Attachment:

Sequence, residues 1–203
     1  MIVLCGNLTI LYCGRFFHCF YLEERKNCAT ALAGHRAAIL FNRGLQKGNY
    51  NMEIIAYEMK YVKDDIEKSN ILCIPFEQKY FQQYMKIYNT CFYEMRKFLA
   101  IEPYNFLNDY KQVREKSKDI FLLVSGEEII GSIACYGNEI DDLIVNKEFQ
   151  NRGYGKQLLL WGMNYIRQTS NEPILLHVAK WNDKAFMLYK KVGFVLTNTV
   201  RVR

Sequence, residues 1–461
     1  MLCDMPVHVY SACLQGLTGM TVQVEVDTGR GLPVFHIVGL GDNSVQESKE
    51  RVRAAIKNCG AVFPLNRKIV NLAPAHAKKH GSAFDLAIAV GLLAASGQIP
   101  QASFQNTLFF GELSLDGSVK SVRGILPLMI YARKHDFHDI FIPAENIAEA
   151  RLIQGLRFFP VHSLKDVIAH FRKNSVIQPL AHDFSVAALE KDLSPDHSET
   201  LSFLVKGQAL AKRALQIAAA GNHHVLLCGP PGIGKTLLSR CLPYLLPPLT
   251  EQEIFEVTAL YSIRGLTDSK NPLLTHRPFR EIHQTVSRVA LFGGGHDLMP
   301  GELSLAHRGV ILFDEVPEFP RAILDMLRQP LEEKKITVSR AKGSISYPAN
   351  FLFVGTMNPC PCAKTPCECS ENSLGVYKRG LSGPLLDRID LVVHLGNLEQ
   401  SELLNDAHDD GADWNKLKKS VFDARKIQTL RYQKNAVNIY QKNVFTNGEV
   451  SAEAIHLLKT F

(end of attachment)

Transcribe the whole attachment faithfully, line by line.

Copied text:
Sequence, residues 1–203
     1  MIVLCGNLTI LYCGRFFHCF YLEERKNCAT ALAGHRAAIL FNRGLQKGNY
    51  NMEIIAYEMK YVKDDIEKSN ILCIPFEQKY FQQYMKIYNT CFYEMRKFLA
   101  IEPYNFLNDY KQVREKSKDI FLLVSGEEII GSIACYGNEI DDLIVNKEFQ
   151  NRGYGKQLLL WGMNYIRQTS NEPILLHVAK WNDKAFMLYK KVGFVLTNTV
   201  RVR

Sequence, residues 1–461
     1  MLCDMPVHVY SACLQGLTGM TVQVEVDTGR GLPVFHIVGL GDNSVQESKE
    51  RVRAAIKNCG AVFPLNRKIV NLAPAHAKKH GSAFDLAIAV GLLAASGQIP
   101  QASFQNTLFF GELSLDGSVK SVRGILPLMI YARKHDFHDI FIPAENIAEA
   151  RLIQGLRFFP VHSLKDVIAH FRKNSVIQPL AHDFSVAALE KDLSPDHSET
   201  LSFLVKGQAL AKRALQIAAA GNHHVLLCGP PGIGKTLLSR CLPYLLPPLT
   251  EQEIFEVTAL YSIRGLTDSK NPLLTHRPFR EIHQTVSRVA LFGGGHDLMP
   301  GELSLAHRGV ILFDEVPEFP RAILDMLRQP LEEKKITVSR AKGSISYPAN
   351  FLFVGTMNPC PCAKTPCECS ENSLGVYKRG LSGPLLDRID LVVHLGNLEQ
   401  SELLNDAHDD GADWNKLKKS VFDARKIQTL RYQKNAVNIY QKNVFTNGEV
   451  SAEAIHLLKT F